The models have also had a "bullish" bias regarding QP potential beyond 24 hrs. since the premature collapse of El Nino more than a year ago.

The CPC released their latest ENSO discussion this morning. The La Nina conditions are expected to persist through the spring, resulting in continued below normal precip. for the southeastern U.S. Region 3.4 was around -1.8 at the end of Jan. with some of the equatorial Pacific being more than -2.0. Their spaghetti model suite suggests perhaps neutral conditions by fall.

Posted by: Augusta Jim | February 7, 2008 11:43 AM | Report abuse

Most outlets are calling for highs in the mid-30s to around 40 on Sunday, and low 40s on Monday. In my 20 years of living here, cold temps often are moderated somewhat before they reach here. So I would guess temps will be warmer than you are estimating by at least a few degrees.

Posted by: steve takoma park mdz7 | February 7, 2008 11:48 AM | Report abuse

... leading to permanent drought conditions and developing desertification in the southeast??

Posted by: wsl | February 7, 2008 12:06 PM | Report abuse

The 12z GFS has some interesting ideas at 156 hrs. regarding a possible wintry event. The 00z from yesterday also liked this idea but the 06z backed off, keeping us on the warm side of the system, now we go cold again.

In 'Dreamland" at 300 hrs. the GFS also now likes the idea of a significant Winter Storm. Snowlovers, DON'T GIVE UP HOPE !!!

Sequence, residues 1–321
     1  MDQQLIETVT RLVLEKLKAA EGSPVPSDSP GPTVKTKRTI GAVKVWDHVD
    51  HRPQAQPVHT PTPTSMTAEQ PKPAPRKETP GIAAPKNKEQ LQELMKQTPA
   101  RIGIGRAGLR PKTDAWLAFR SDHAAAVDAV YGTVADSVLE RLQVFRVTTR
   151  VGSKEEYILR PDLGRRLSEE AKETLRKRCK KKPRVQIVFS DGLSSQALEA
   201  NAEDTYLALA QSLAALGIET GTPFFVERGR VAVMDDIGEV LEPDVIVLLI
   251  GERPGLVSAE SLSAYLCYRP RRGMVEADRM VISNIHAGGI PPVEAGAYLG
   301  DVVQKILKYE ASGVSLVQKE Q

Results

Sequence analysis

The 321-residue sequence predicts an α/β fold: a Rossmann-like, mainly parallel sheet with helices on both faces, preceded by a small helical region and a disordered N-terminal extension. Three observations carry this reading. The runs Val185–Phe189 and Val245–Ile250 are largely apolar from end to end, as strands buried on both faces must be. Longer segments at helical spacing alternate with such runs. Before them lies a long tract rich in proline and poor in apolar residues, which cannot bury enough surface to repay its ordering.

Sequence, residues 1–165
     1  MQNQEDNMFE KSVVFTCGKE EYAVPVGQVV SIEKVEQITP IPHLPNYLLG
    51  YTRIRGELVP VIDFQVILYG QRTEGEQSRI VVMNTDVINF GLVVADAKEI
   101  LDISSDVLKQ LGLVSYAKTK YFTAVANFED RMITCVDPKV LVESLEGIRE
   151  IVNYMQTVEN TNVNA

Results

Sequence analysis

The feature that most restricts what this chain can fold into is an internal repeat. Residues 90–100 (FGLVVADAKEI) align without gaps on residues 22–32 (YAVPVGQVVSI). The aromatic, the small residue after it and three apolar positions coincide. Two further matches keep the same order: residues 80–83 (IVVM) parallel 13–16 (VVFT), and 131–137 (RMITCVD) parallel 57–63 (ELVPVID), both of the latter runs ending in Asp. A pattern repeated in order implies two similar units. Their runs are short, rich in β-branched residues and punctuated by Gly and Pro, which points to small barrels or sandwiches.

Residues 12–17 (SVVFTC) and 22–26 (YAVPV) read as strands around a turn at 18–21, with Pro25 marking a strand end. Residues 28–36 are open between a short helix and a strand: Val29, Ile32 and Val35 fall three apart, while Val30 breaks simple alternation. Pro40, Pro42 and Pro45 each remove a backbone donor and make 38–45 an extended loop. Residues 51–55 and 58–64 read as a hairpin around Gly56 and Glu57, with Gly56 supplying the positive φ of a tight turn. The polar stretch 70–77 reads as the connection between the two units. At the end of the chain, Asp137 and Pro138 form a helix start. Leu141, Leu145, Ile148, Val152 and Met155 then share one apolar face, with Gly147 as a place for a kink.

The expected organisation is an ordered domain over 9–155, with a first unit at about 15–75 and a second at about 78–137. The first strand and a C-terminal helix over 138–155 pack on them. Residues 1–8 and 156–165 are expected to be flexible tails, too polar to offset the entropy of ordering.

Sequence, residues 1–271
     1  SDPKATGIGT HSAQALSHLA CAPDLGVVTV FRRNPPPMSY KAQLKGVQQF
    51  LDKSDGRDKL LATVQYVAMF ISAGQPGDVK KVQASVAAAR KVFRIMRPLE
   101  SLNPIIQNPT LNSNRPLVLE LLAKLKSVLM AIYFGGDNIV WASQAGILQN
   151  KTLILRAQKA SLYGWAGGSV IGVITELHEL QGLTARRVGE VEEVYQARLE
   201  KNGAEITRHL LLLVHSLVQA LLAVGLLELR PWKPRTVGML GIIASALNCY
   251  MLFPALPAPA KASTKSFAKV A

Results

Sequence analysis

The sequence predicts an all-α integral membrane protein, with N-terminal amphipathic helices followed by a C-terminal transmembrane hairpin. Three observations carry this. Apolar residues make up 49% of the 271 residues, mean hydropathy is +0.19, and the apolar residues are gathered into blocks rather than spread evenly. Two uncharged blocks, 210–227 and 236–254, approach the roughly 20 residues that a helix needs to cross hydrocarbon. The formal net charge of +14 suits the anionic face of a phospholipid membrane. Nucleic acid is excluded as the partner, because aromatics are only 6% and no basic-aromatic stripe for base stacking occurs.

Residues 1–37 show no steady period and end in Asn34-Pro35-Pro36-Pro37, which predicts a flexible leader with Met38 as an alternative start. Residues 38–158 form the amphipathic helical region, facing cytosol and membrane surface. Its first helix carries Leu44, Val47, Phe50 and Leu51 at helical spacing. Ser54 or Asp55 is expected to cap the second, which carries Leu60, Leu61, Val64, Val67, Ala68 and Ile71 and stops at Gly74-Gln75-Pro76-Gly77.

Posted by: Augusta Jim | February 7, 2008 12:13 PM | Report abuse


Posted by: missy | February 7, 2008 12:46 PM | Report abuse

This may come as a surprise to many in this area. Last month was colder than normal over the United States, based on records going back 114 years (1895-2008), averaging 30.50F, compared to 39.52F two years ago in 2006. The 20th century average was 30.2.

Posted by: Augusta Jim | February 7, 2008 1:50 PM | Report abuse

I was similarly misled, Al, but not by CapWx. I understood it to be a near-certainty we would have strong pm thunderstorms based on the WTOP forecasts Tues. night and Wed. morning.

Posted by: Mark | February 7, 2008 2:24 PM | Report abuse

Augusta Jim,

"Dreamland" 300 hr = President's Day. Coincidence?

Posted by: Jamie C in Chevy Chase | February 7, 2008 2:59 PM | Report abuse

It may have been colder across most of the US, but in this area since Dec 20 the temps have averaged 6.6 above, with 43 of last 50 above. Models 300 hrs out r as accurate as throwing at a dart board, now if it's still showing something less than 72 hrs out, then it's worth watching.

Posted by: VaTechBob. | February 7, 2008 3:10 PM | Report abuse

Yes, I wasn't referring to the Weather Gang forecast, but the ones on the TV, weather channel, and NWS. I did not the weather gang one was better.


Posted by: Al | February 7, 2008 4:24 PM | Report abuse

VT Bob:
Thats why I call anything beyond 7 days, "Dreamland". It will almost certainly change,or disappear, but it's nice for snowlovers to dream about.

Posted by: Augusta Jim | February 7, 2008 5:00 PM | Report abuse